Intel Core 2 Extreme QX6700 - Quad-Core Assault

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Quake 4: Low and High Resolutions

For our next set of tests, we benchmarked all of the test systems using a custom single-player Quake 4 timedemo. Here, we installed the game's official v1.3 point release which is SMP capable, turned the resolution down to 640x480, and configured the game to run at its "Low-Quality" graphics setting. Although Quake 4 typically taxes today's high-end GPUs, when it's configured at these minimal settings, it is much more CPU and memory bandwidth-bound than anything else.

Benchmarks with Quake 4 v1.3
OpenGL Gaming Performance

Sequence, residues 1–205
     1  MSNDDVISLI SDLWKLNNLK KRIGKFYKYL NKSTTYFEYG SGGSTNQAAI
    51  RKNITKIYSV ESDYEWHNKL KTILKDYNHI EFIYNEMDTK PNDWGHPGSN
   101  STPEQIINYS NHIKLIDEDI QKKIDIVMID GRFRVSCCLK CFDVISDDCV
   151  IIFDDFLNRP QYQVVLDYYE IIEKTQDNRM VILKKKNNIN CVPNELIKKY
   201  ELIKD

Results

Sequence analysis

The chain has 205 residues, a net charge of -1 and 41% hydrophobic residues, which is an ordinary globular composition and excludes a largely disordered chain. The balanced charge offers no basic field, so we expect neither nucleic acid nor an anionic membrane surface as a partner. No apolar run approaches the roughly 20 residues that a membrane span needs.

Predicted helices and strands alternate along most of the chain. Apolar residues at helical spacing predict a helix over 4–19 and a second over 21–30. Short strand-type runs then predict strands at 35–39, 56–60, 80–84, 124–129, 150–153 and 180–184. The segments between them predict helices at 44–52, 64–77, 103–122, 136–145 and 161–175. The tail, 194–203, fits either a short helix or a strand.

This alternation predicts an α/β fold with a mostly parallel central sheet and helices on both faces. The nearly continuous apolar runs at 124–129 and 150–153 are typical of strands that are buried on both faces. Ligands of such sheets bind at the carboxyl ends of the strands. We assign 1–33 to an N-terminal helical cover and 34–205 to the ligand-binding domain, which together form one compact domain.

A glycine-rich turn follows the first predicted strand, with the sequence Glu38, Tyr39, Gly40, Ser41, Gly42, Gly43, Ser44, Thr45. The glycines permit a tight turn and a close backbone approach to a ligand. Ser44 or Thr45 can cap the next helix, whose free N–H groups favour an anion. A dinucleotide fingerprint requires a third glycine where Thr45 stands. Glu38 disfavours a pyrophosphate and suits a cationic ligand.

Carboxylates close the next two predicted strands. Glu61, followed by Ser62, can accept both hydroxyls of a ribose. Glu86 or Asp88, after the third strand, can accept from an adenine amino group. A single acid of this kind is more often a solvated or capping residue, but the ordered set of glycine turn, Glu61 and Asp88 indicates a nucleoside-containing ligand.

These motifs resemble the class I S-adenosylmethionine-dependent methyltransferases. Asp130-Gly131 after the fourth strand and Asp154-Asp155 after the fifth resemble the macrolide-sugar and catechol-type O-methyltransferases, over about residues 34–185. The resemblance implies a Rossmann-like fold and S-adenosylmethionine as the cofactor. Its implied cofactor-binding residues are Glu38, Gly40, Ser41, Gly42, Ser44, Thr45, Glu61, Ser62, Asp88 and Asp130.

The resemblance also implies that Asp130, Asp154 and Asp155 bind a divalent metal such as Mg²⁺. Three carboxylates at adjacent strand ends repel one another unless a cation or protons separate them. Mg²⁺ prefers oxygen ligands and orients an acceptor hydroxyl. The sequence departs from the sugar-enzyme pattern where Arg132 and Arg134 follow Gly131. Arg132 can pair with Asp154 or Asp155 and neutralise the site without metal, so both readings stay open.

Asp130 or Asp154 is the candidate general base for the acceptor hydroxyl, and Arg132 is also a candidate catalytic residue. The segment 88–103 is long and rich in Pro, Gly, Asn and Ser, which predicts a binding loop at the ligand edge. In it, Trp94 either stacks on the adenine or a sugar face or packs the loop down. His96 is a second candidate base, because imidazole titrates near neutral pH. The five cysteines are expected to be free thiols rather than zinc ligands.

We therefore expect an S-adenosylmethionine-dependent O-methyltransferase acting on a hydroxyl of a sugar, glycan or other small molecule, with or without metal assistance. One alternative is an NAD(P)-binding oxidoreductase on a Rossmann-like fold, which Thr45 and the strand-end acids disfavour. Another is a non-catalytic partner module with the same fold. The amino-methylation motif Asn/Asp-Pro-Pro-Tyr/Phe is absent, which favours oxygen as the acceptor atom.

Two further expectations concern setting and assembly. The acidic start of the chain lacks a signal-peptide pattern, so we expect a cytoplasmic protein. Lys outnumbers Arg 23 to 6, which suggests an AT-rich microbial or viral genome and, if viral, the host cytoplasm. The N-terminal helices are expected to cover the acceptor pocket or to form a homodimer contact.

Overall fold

Since the engine is getting a bit older now and since it clearly wasn't built multithreaded from the ground up, Quake shows very little advantage for the new Intel quad-core CPU.  Kentsfield does weigh in a a couple of frames per second faster than the Core 2 Duo E6700, which runs at the same clock speed but the variance is not much to take note of.

 

When configured at high resolution game settings and thus relying more on the GPU subsystem, QX6700 Kentsfield performance is even more diminished.  In fact Kentsfield brings up the rear amongst the Intel processors lineup.  Again, legacy code-bases the likes of which run older game engines like Quake 4 are not where you'll find any appreciable advantage with Intel's new quad-core processor.  Forward looking engines that are are more targeted toward a multithreaded architecture are where we'll begin to see significantly more tangible benefits.


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